In Raam Reddy’s Thithi (English: Funeral Ceremony), a son reacts indifferently to the news of his father’s death. His response is most unusual. “No big deal”, he says. As the eldest son, he is supposed to be doing the last rites but he pays no heed to those who are calling him to attend to these matters urgently. He says something to the effect of, “Why would the dead care about rituals?” Actually, he’s got a point. This news is met with zero melodrama by everyone in that village.
The dead man Gowda, nicknamed “Century Gowda” because he was 101 at the time of his passing, was a man of dubious reputation. He has a son named Gadappa who is a grandfather himself – with a son named Thamanna and a grandson Abhi. In the course of the film, we notice that indifference and disrespect seem to be running in the family as Gadappa’s son doesn’t regard him highly either, and Abhi, an adolescent, is beginning to show signs of irresponsible behavior as well.
Someone reminds Thamanna that he should immediately get on the matter of the land his grandfather had owned. When Thamanna asks his father for it, he gets an unexpected “You can have it.” However, there is a small problem: Gadappa won’t go with him to an office to sign any papers. This leaves Thamanna with no other choice but to approach corrupt officials to somehow falsify documents proving that both his grandfather and father are dead. He manages to find a seller who isn’t aware of the fact that Gadappa is still alive.
Thamanna approaches his father with a sufficient amount of money and coaxes him to disappear from the village for at least six months and not make the stupid mistake of showing up before that. Meanwhile, the entire village is gearing up for Century Gowda’s funeral and most of its inhabitants are willing to go, not out of respect for Gowda but because of the meat that is going to be served for lunch. While everyone is busying themselves with the funeral preparations, Abhi has his mind set on a more “urgent” matter: wooing a young girl whom he had just met.
The film, set in a remote village in Karnataka called Nodekopplu, is populated with an assortment of idiosyncratic characters. There are men being unwise and irresponsible, constantly making bad decisions and committing follies which make life complicated for them than it already is. There are few female characters that stand out, for e.g. a fierce money lender who promises to destroy the reputation of anybody who fails to pay her back on time and then there is the wife of a friend of Thamanna’s who seems to be perfectly aware that her husband is a good for nothing clown.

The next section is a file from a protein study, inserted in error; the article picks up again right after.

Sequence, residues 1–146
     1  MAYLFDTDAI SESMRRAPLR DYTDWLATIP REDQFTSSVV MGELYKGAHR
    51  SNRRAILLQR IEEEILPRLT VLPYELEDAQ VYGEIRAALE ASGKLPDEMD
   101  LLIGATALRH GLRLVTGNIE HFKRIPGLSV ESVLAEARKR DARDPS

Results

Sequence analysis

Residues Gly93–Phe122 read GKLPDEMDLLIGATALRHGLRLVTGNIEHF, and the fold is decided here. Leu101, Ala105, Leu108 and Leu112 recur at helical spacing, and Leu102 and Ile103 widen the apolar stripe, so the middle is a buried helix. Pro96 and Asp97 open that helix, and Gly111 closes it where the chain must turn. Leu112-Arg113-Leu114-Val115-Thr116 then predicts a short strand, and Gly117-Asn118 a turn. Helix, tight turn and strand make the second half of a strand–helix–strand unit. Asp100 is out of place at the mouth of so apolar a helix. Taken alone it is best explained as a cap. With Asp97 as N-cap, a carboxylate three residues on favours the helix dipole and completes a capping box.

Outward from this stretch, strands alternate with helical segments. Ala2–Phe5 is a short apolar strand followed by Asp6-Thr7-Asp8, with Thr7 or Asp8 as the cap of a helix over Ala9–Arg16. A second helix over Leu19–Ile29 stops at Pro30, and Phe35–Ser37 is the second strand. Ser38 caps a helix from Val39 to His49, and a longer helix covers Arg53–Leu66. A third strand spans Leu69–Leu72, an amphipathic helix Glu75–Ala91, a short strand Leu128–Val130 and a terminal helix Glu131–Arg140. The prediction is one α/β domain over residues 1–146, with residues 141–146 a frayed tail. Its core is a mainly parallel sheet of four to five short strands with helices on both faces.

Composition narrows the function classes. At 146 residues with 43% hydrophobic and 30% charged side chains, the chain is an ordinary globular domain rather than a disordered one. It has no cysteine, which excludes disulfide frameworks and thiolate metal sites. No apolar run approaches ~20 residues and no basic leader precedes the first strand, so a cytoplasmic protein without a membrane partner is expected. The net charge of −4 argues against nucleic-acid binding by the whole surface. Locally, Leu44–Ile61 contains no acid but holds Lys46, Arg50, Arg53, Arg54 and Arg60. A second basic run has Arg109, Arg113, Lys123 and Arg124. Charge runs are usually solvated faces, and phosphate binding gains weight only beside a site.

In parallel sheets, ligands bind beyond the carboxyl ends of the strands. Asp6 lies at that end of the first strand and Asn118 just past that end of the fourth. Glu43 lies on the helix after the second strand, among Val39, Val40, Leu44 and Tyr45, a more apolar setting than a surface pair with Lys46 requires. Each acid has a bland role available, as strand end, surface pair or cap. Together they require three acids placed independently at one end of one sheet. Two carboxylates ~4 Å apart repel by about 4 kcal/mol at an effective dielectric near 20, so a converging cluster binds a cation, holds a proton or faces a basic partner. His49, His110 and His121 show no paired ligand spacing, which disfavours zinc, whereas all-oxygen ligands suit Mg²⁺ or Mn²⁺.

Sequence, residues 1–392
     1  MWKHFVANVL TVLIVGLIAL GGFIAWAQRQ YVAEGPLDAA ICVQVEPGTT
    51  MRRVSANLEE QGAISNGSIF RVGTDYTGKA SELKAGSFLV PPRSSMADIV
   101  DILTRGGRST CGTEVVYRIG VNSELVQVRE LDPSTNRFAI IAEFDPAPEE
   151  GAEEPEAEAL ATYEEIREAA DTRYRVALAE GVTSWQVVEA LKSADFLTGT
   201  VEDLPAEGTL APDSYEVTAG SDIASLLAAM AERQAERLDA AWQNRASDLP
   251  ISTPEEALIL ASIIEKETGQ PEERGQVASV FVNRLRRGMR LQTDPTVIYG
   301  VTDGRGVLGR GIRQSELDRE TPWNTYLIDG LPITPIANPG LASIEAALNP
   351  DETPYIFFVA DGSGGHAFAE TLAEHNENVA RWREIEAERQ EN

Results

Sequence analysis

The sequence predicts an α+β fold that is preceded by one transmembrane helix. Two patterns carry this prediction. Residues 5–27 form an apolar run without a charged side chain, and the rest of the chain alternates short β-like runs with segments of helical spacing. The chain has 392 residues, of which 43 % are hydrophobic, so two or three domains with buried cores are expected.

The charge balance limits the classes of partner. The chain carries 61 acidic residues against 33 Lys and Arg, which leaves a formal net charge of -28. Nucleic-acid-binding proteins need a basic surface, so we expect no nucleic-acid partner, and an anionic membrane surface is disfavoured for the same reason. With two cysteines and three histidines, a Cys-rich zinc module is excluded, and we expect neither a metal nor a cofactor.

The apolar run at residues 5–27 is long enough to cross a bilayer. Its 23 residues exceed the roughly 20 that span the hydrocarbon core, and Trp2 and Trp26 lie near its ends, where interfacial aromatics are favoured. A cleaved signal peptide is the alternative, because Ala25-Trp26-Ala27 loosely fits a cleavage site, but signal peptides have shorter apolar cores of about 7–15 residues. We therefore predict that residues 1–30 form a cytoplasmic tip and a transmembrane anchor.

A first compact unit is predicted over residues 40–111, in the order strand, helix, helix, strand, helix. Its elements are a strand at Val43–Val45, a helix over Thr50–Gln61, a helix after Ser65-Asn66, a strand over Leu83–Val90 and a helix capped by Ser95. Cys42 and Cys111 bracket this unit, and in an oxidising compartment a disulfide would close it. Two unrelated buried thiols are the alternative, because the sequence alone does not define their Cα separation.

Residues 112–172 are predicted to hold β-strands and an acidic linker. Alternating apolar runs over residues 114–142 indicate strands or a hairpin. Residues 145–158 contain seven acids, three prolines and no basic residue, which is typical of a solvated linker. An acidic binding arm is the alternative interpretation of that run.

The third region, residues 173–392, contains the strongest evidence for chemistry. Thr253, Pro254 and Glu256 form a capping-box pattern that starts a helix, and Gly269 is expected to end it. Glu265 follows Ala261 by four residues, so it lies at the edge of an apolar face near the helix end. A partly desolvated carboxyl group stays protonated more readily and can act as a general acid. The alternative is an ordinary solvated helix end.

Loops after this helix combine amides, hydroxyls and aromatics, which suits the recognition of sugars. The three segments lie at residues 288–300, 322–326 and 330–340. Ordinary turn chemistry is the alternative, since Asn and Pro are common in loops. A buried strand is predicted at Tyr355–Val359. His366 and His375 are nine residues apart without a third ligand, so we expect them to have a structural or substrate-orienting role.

This is a tale that would resonate more with, I imagine, people who were born to the wrong parents. I’ve seen people like these in my own family. These men see their parents as a burden; they curse their circumstances and look for ways to free themselves from their parents’ invisible shackles. Despite the stupidity and recklessness that Thamanna indulges in, you can’t help but feel slightly sympathetic toward him because he has to deal with the consequences of being born to an eccentric father who wanders around aimlessly – and drunk – like a hippie.
But regardless of this, Gadappa is an interesting character, especially when he narrates his past to a group of shepherds. Whether his story is real or imagined cannot be said for sure, but it may offer a clue as to why he behaves in a particular way. Given that all the actors are non-professional (all from Reddy’s village) and given the documentary style filmmaking, fiction becomes nearly indistinguishable from fact. Reddy gives you a tangible sense of a rustic place that looks so alien yet quite familiar, by immersing you in its sights and sounds.